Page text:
What is a Speech Disorder?

Parents, doctors, and teachers become concerned when a child isn’t communicating well. It can be overwhelming when a child receives a diagnosis of a speech disorder because chances are it is not something that a parent or teacher has seen in the past.
All of the synonyms for “speaking” such as speech, language, and voice mean very specific things to speech language pathologists but are generally referred to as “speech” or “speech therapy” by many.

Speech Disorders: Understanding the Different Types

Speech is a vital component of human communication. It is how we express our thoughts, ideas, and emotions to others. However, some people experience difficulties with their speech, which can affect their ability to communicate effectively. Speech language pathologists classify speech sound disorders based on error patterns that are being made or the cause of the sound errors.

When a family receives a diagnosis for a child or loved one these different descriptions can be confusing so that’s what we are going to cover here. Let’s talk about when we see speech disorders in children and adults and then the many different ways that sound errors can present themselves.

Speech Disorders in Children

According to a study published in the Journal of Speech, Language, and Hearing Research, speech sound disorders affect 8-9% of preschool children and up to 15% of school-age children. Early identification and intervention are crucial in helping children overcome their speech disorders. According to a study published in the Journal of Speech, Language, and Hearing Research, speech therapy can be highly effective in treating childhood speech disorders.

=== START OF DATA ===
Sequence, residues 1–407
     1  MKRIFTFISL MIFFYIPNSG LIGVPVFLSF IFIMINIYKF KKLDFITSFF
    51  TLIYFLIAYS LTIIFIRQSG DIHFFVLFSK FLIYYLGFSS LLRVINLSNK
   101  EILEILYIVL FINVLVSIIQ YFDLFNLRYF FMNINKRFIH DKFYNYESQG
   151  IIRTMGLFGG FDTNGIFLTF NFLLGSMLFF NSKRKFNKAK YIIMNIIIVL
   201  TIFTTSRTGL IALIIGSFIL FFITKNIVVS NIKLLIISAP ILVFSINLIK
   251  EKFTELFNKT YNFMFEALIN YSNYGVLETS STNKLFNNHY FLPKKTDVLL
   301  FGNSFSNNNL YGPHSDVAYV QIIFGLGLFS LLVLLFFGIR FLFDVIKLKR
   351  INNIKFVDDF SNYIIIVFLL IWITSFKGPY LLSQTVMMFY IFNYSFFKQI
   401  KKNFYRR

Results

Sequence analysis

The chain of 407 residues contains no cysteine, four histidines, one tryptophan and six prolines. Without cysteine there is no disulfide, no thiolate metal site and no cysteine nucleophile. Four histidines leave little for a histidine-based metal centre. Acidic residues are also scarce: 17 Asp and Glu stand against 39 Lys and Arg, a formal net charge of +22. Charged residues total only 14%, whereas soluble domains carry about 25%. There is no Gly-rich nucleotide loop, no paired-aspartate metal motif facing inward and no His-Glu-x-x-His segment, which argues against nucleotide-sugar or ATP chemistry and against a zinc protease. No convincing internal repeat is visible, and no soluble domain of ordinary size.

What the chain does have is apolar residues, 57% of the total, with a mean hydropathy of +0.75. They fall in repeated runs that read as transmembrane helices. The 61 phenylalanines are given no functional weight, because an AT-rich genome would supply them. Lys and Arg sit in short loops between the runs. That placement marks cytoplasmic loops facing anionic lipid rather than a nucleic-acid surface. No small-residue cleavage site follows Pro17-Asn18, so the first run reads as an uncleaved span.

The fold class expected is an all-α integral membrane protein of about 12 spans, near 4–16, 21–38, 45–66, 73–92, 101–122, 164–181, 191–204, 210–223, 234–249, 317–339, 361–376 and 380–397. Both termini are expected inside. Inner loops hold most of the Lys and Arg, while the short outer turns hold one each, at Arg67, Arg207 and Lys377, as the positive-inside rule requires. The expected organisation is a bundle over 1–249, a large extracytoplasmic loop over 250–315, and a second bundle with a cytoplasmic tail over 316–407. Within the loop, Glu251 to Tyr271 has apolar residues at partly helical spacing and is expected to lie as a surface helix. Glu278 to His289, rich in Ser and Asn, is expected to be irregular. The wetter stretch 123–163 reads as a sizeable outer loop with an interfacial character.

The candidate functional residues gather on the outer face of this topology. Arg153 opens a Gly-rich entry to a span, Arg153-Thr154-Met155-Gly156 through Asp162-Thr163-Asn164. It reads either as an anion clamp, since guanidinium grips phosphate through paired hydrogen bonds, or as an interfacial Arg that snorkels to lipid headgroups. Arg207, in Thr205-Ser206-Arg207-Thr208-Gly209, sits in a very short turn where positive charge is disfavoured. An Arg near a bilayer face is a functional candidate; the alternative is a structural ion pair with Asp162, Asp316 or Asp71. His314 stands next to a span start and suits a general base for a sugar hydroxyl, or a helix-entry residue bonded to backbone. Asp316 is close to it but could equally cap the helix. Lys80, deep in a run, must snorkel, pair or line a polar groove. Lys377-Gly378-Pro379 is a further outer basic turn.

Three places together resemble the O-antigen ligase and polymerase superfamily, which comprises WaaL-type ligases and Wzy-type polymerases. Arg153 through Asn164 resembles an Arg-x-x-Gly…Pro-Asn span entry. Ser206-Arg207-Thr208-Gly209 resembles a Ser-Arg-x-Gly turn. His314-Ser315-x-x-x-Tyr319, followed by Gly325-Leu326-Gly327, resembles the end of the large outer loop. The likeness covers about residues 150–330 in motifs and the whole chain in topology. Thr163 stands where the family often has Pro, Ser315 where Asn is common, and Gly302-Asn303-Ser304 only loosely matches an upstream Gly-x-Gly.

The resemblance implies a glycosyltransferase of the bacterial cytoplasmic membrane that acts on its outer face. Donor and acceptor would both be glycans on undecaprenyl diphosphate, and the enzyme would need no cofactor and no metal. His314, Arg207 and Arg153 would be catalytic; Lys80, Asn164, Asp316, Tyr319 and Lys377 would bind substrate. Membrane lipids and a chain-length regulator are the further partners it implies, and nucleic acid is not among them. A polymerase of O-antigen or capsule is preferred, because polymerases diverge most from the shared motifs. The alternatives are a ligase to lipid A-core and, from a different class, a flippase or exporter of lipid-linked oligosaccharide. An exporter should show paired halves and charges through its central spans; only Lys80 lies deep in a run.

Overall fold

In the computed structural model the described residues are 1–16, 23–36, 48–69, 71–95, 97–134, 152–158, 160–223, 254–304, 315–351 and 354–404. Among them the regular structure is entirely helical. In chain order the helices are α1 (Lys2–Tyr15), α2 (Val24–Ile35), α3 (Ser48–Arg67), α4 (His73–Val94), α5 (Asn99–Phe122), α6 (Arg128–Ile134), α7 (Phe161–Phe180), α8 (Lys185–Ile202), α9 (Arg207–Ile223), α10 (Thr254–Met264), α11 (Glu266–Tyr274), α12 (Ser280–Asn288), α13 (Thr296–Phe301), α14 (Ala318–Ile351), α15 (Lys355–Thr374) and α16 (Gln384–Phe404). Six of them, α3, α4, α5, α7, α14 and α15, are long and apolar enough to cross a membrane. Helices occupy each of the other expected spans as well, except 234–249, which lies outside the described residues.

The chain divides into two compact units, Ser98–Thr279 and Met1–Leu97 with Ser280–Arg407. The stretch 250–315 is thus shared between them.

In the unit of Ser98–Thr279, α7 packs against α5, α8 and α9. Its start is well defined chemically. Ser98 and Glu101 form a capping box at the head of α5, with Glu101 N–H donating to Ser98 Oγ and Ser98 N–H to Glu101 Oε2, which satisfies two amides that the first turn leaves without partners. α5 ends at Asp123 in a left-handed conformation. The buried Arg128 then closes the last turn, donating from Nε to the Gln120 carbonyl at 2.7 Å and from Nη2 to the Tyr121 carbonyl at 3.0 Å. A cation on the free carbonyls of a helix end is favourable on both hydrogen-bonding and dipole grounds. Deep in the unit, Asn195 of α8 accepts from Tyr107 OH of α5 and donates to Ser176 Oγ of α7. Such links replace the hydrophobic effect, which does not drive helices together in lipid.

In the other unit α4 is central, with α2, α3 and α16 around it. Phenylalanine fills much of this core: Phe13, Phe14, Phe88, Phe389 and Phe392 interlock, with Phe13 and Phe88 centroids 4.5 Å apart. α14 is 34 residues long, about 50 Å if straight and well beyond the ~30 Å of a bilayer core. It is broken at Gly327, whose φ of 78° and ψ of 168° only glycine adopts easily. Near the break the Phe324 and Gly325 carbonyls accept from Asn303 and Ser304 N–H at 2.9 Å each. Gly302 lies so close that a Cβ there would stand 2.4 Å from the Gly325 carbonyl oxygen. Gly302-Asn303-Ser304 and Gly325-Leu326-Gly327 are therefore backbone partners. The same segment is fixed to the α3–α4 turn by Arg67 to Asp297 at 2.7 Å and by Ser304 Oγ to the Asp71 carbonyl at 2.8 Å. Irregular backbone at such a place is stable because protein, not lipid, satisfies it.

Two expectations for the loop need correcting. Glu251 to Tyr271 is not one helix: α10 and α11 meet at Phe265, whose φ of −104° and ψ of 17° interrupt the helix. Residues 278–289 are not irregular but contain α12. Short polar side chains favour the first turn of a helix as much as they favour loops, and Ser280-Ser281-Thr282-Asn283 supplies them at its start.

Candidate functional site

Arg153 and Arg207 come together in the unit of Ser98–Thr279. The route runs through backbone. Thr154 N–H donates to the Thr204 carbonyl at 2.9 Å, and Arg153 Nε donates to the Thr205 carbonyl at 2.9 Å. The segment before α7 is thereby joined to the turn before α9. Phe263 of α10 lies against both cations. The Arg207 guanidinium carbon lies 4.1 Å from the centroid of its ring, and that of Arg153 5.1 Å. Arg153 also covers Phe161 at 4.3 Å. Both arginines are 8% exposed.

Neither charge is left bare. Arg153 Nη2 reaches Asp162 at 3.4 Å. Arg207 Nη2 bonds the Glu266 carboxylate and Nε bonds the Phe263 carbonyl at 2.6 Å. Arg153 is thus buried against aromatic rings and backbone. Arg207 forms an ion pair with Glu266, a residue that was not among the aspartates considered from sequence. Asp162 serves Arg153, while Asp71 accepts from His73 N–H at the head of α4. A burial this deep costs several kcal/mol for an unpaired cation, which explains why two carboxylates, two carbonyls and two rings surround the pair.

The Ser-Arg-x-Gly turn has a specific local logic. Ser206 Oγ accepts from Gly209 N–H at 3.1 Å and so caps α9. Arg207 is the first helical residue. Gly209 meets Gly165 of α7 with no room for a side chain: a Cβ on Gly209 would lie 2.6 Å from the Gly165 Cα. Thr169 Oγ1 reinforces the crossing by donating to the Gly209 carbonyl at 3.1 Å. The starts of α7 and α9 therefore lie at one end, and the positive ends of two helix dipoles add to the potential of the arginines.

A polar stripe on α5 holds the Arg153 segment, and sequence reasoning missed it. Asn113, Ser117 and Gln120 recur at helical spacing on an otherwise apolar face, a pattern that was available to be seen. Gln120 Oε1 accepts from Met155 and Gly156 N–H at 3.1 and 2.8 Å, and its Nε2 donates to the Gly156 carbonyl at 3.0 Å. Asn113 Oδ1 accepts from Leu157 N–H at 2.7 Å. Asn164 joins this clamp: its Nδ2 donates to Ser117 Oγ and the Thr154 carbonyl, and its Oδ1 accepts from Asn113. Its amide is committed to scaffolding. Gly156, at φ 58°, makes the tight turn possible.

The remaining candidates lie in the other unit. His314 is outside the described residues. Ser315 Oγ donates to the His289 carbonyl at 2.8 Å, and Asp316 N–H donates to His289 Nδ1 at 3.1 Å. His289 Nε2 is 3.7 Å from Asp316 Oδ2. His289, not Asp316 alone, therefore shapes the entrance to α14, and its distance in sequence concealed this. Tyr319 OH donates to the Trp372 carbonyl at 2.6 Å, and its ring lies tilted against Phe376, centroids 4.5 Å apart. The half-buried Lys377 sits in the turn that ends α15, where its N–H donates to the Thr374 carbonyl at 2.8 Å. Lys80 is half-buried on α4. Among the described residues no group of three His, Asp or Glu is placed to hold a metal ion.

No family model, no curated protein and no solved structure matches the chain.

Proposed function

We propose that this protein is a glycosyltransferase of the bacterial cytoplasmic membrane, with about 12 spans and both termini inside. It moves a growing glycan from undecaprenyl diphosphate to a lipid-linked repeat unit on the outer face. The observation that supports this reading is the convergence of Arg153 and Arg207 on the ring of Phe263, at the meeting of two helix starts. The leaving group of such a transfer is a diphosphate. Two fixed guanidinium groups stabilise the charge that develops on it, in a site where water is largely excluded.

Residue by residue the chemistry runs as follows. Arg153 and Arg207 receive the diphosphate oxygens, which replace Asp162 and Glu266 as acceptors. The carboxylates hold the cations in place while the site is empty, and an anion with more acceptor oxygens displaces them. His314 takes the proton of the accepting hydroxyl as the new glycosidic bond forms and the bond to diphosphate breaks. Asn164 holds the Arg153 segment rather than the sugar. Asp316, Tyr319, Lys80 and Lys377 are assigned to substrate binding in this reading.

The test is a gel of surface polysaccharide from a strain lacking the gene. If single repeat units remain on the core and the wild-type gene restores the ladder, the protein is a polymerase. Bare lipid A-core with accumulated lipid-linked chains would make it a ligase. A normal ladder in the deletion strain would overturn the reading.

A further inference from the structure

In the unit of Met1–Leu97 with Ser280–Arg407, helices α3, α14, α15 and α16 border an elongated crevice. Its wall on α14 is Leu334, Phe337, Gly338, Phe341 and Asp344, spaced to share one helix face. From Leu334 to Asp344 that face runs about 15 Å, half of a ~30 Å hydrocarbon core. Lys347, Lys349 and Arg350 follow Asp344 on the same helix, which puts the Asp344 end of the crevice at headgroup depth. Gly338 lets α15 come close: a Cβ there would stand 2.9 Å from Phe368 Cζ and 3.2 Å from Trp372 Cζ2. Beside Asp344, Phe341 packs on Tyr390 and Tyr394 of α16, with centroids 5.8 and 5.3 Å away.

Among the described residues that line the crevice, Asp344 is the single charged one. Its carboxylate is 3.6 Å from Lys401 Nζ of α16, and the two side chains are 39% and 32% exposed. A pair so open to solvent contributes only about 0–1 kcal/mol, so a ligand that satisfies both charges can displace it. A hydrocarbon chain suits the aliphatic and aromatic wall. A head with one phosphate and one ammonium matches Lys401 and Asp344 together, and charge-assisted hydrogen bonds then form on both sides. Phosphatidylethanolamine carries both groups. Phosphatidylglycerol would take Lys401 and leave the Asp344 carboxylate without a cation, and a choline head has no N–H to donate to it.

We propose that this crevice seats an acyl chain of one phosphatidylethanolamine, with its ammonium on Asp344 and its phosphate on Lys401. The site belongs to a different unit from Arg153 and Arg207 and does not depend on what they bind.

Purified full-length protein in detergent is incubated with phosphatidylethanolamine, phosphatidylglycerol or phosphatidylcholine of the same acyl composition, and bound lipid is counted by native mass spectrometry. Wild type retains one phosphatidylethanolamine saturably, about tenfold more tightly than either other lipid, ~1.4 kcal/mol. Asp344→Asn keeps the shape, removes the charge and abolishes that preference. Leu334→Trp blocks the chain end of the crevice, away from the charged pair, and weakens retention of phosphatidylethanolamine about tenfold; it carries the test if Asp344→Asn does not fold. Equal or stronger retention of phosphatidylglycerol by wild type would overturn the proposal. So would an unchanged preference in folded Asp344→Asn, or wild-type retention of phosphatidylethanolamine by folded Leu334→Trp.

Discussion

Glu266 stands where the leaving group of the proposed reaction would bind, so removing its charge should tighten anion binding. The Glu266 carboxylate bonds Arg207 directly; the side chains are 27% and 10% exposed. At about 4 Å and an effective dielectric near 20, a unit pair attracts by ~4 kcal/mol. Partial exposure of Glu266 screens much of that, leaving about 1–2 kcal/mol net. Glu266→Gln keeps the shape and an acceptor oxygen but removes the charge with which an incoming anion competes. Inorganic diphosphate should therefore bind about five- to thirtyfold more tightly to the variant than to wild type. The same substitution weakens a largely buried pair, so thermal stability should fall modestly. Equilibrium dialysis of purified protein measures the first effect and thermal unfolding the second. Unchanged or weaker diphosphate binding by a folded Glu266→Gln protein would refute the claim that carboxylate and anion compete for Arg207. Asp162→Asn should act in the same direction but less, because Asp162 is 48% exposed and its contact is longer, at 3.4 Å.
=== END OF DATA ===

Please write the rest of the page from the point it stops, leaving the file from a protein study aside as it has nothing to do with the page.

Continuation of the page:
Speech Disorders in Adults

Speech disorders can also occur in adults, often due to neurological conditions such as stroke, traumatic brain injury, or Parkinson’s disease. According to a study published in the Journal of Communication Disorders, speech therapy can be effective in improving speech production in adults with neurological conditions.

therapy for speech disorders

What is a Speech Sound Disorder?

A speech sound disorder is a type of communication disorder that leads to an individual having difficulty producing certain sounds correctly. Identifying which aspect of “speech” to focus on is the key to improving and increasing a child’s communication.

Common speech disorders include:

Motor Speech Disorders

Motor speech disorders refer to difficulties with the planning and coordination of speech movements. These disorders affect the ability to produce sounds, words, and sentences. According to a study published in the Journal of Speech, Language, and Hearing Research, motor speech disorders are less common than speech sound disorders, affecting 2-3% of children.

Types of Motor Speech Disorders

There are two main types of motor speech disorders: apraxia of speech and dysarthria. Apraxia of speech is a disorder where the brain has difficulty planning and coordinating the movements needed for speech. Dysarthria, on the other hand, is a disorder where the muscles used for speech are weak or have difficulty moving.